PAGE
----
Botanical: Beta vulgaris
Beets are wonderful food plants to grow because they give a double bang for the buck. If you plant thickly, you can have plenty of greens while the young and tender plant is growing and they are most nutritious. And as you thin them out you leave room for the large bulbs to grow as the plant matures. It’s an easy way to have a
lot of young greens and still keep the remaining plants growing in the garden for a while longer to produce plenty of mature beet roots for later.
The way to make this work is to plant beets thickly in wide rows. I read a description of beet seeds… “Beet seeds resemble tiny scraps of cork” and it is true, they are most unique. They are larger than most other salad and “greens” seeds. They are four times the size of lettuce. You know, I’ve said it many times, “Where ever there is a flower there will be seeds.” And that is exactly what beet seeds are… the fruit of the plant, dried, with up to six seeds inside. Spacing them at least one inch apart is important because up to six seedlings can grow from one beet “seed”. They do really well in wide rows, depending on your garden space, you can also plant them in blocks. (Think square foot gardening.) At four inches apart, you can grow nine beet plants in on square foot. If you’re growing for greens and roots, you can plant as many blocks as you think you will need for your family.
Tasty organic beets are grown quickly in light or loamy soils with a pH over 6.0. (slightly acid to neutral) In general, cool temperatures produce the best flesh color. Weird weather fluctuations will cause “zoning,” white rings, in the roots.
Plant early in your season, two to four weeks before the last frost-free date. After the seedlings are up, thin with a rake and then sit back and wait for the green bonanza.
It is helpful for the seeds to germinate to soak seeds for 12 hours before planting. It is not completely necessary and if you want to water them in really well when you directly plant them in the ground, that can work I’ve found (ask me how I know, LOL) I’ve done it both ways. Soaking them gives them a bit of push and they germinate and pop up through the soil a bit faster which is very satisfying, but they will grow either way. Plant beet seeds directly in the garden 3 weeks before the last frost date. Trying to start seedling in a pot isn’t a great idea. Beets do not transplant well.
But… if you’d like to try it, knock yourself out. I didn’t say they didn’t transplant at all, just not well.
Starting Beet Seedlings: Sow seed in a cold frame or indoors/greenhouse in early spring, about 5-6 weeks before transplanting to the garden. (That would be after heavy frosts become infrequent.)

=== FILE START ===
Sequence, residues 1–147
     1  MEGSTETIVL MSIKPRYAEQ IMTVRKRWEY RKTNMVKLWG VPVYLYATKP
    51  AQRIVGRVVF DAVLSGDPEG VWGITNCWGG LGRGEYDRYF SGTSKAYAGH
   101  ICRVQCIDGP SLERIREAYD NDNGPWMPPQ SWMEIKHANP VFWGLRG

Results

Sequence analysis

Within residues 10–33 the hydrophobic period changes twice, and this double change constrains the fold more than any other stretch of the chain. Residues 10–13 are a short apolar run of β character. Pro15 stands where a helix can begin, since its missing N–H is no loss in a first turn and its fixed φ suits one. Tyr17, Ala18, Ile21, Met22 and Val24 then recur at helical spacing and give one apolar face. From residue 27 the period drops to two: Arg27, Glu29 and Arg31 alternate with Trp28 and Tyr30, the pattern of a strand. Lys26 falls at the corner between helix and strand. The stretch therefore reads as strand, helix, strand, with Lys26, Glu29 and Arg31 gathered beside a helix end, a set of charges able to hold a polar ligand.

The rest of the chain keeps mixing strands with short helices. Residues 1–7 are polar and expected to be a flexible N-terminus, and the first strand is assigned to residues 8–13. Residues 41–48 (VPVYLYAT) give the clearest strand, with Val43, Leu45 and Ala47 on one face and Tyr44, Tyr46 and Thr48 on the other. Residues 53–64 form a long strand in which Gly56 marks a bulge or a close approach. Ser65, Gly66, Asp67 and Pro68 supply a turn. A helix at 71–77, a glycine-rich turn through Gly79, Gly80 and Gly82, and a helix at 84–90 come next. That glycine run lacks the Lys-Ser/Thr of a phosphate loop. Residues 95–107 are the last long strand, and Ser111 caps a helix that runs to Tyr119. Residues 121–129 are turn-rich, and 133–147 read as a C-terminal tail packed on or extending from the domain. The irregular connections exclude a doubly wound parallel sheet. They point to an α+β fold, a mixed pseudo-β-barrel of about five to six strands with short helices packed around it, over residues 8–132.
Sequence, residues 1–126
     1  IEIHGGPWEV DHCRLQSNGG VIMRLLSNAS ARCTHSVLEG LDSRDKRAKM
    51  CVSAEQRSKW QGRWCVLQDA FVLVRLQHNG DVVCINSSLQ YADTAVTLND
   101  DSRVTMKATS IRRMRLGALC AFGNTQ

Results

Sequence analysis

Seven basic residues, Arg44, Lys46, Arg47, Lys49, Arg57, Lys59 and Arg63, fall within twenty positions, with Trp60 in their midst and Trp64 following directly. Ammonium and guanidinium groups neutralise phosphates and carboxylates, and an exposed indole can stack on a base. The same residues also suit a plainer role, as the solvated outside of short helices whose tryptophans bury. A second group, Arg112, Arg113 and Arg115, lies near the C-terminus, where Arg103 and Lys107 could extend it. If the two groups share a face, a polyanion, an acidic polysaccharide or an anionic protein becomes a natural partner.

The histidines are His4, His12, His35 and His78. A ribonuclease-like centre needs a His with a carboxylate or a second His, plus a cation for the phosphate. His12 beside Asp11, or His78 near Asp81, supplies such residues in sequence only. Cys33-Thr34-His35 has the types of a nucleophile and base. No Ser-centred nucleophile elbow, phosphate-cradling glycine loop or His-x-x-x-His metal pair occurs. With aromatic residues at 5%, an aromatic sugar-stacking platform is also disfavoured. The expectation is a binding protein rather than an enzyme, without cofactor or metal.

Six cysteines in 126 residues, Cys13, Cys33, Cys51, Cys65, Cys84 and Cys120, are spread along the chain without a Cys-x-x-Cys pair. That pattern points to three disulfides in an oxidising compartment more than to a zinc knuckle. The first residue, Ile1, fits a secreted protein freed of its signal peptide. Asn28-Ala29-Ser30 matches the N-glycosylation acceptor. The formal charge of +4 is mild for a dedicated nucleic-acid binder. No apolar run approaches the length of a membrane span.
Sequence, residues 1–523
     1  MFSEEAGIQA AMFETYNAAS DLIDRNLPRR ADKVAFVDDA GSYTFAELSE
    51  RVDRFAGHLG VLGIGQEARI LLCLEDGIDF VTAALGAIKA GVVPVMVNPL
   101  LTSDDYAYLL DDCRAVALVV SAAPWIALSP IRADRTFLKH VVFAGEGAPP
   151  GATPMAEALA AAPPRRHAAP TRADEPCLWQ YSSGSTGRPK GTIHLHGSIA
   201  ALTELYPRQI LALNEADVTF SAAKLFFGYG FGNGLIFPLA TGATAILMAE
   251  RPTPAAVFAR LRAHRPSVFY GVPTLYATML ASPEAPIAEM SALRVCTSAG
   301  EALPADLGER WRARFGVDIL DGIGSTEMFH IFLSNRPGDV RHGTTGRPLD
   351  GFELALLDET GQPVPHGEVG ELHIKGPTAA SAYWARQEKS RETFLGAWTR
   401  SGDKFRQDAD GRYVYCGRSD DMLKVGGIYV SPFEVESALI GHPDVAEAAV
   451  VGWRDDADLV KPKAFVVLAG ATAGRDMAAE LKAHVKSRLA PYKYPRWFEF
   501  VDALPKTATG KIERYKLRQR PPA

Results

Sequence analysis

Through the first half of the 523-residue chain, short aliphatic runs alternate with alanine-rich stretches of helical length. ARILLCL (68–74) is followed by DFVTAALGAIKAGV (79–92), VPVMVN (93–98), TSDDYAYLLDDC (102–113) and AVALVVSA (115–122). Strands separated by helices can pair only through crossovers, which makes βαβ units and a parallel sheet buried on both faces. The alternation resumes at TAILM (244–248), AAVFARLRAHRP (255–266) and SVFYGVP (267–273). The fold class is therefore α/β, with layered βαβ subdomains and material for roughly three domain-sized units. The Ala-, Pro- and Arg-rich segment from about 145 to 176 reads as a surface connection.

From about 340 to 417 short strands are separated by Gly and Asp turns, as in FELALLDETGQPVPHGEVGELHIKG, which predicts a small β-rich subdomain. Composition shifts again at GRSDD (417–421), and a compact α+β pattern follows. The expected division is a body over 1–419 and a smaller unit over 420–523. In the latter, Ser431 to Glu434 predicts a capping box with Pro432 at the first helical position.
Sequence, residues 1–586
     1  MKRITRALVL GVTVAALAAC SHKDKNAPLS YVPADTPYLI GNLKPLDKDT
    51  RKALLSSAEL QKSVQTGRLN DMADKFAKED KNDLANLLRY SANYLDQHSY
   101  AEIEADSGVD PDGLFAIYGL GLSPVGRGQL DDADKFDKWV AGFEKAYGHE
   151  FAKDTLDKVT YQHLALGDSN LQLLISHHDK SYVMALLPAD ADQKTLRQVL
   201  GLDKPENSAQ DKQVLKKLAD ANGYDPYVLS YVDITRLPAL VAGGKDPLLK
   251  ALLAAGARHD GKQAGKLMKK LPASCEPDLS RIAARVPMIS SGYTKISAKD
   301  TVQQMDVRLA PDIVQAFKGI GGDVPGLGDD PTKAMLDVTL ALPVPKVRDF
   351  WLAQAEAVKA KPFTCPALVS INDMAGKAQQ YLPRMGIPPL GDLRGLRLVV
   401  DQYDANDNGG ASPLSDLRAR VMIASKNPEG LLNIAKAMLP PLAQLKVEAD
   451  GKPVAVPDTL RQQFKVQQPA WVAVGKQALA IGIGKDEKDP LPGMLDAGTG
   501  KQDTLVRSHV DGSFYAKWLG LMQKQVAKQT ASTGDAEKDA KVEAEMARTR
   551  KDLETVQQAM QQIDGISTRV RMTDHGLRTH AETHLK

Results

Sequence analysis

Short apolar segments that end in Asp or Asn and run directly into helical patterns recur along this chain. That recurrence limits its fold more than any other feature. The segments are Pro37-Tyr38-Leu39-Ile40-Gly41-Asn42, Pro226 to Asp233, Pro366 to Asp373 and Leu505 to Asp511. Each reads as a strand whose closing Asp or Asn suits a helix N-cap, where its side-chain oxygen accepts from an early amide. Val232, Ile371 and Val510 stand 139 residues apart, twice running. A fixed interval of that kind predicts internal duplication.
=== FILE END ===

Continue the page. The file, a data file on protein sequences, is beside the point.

Plant seeds 1/4″ deep, 3-4 seeds per inch. Transplant out 3″ to 4″ apart in however direction… blocks or rows. If you are planting rows, make the rows at least a foot apart.
Direct Seeding in Your Garden: Begin early planting when soil has warmed somewhat after thawing. (if your soil really freezes below an inch or two) Sow in a 2-4″ wide band, about 15 seeds/ft. (10/ft. if sown in single line), 1/2″ deep, rows 12-18″ apart. For a continuous supply of beet greens and small tender beets, plant a few seeds every two weeks until 8 weeks before regular heavy frosts begin to be expected in the fall. Of course, if you are growing them all at once to can, plant them all at the same time. 🙂
Beet Diseases to Watch Out For: Keep beets well irrigated to prevent “scab,” the same disorder that affects potatoes, causing raised brown rough spots on the mature roots. Internal breakdown or browning is most likely to occur in alkaline soils after prolonged hot, dry periods. This is caused by a deficiency of the nutrient boron. Rotate crops to prevent Cercospora leaf spot.
Harvesting Beets: Fork or undermine, lift plants, wash and hydrocool, and store bunches 10 days at 32°F (0°C) and 95% humidity.
Storing Beets: Cut the beet tops off, wash, and store 6 months at 32°F (0°C) and 95% humidity.
Days to Harvest: From direct seeding; subtract 14-21 days if transplants are used.
Harvest: About 60 days to maturity. In late June, or before hot season enters its prime, scrape some soil away from the beets to check their size. Pull the beets when they are 1-2″ across. They can become tough and woody flavored if you let them grow very much larger. This, of course, also depends on the variety.
Beet Companions: all brassicas, bush beans, head lettuce.
Incompatible Plants with Beets: field mustard, all pole beans.